4. Why do I experience guilt?  Do you remember when you told your first lie, cheated on your first test, or mistreated your parents?  Do you remember how it made you feel?  Why does it bother you when someone catches you in a lie?  Why do we even tell lies to begin with?  There seems, to me, to be no good biological reason for such a feeling, especially as it often contradicts what would naturally be in our best interests.

5. Why do I make moral judgments about seemingly minor issues?  Your Christian neighbor goes to church and dresses nice, but you can hear him yelling at his kids at night.  We see this and call him a hypocrite.  Your friend cheats on his spouse.  We see this and judge him as a cheater.  Interestingly enough, we avoid judging ourselves by the same standard.  When we play nice to the boss and then waste time on the clock, we don’t see ourselves as hypocrites.  We tell ourselves that we put in enough time this week, so a little personal time is okay.  When we cheat on our taxes, we don’t see ourselves as cheaters.  We tell ourselves that the government has plenty of money and that we deserve our hard-earned cash.

6. Why do I stand in the way of human progress for the sake of morality?  In other words, philosophers and intellectuals tell us that the human animal is all about survival of the fittest.  Anything that does not serve to advance our standing in the community, our personal possessions, our intellects, etc. does not make sense.  In fact, to stand in the way of such progress makes no sense according to this philosophical model.  Here’s where the rubber meets the road: why bother saving the whales (by the way…I’m not saying that this is wrong, I’m using it for the sake of argument)?  If everything is about survival of the fittest, then why not dominate the weaker species?  Why should the “1%” not dominate the “99%”?  If everything is about human progress, isn’t it right for the strong to take advantage of the weak?  Let’s take this a different direction.  Why do I do things that impede my own progress?  Why do I return the wallet when I need the cash?  Why do I give to feed the poor?  These actions only impede my progress and make no sense in a paradigm without morals.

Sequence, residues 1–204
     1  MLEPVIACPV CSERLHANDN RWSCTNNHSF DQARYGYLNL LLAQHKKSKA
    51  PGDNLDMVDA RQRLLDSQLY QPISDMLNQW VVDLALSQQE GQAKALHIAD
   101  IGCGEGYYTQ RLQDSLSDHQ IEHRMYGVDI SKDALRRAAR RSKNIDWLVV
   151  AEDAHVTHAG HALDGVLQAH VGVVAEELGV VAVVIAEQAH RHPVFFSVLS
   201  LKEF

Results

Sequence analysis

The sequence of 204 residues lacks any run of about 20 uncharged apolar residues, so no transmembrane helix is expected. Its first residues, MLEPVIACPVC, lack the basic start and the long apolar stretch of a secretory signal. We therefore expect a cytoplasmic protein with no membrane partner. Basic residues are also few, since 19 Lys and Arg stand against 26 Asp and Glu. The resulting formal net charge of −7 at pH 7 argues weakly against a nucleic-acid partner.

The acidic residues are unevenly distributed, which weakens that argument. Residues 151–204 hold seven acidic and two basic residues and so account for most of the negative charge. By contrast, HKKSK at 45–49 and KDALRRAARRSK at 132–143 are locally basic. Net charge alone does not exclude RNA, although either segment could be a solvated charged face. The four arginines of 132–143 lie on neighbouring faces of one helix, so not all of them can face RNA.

I don’t think I can definitively prove spiritual concepts through rational means, but I would hope to demonstrate that my belief in a moral nature of man at least has some ground in the shared human experience.  As one great theologian of the last century put it, I cannot build anyone a bridge from unbelief to belief, but I can at least lay out the pylons for the bridge.  In my mind, the moral nature of man is one of such pylons.  Why is it so fantastical to imagine that the reason why we have this moral compass is that we were created by a God who has a moral law and that He implanted that law in our hearts?  Why is it absurd to think that the reason why we see so much wrong with the world is that humanity has rebelled against God, shaken their fist at their Creator, and have sought to obscure His moral law?  In my mind, these explanations make for more sense than the humanistic model, which gives me no compelling reason for human morality.

Blind Spots

What Sounds Smart Today May Look Stupid Tomorrow

This morning my pastor quoted Matthew Henry’s commentary on James 2:1-4, where the great Christian writer stated as follows:

But we must be careful not to apply what is here said to the common assemblies for worship; for in these certainly there may be appointed different places of persons according to their rank and circumstances, without sin.

Interestingly enough, the passage is speaking to exactly that same issue, but Henry is blinded by the culture of his day and perceives the established tradition to be acceptable.  Its easy to throw stones at Matthew Henry, but I realized that I need to take a moment to look at myself.  If a guy like Matthew Henry can study his Bible and invest his life in Christian service and still miss the mark in his life, I’m certain I’ve got some blind spots that I need to be on the lookout for.  This morning I took a few minutes to think of some ways to identify blind spots in my life.

  1. Pray for wisdom from God to recognize where I’m not living as I should.
  2. Listen to the Word of God and apply its light to all traditions, practices, and applications.  Nothing is off limits.
  3. Listen to critiques of Christianity by unbelievers.
  4. Listen to critiques of my Christian subculture by those who are not part of it.
  5. Listen to critiques of individual of other generations.
  6. Seek insight from Christian brothers I rub shoulders with.
  7. Repeat.
If you have any more ideas, please feel free to share!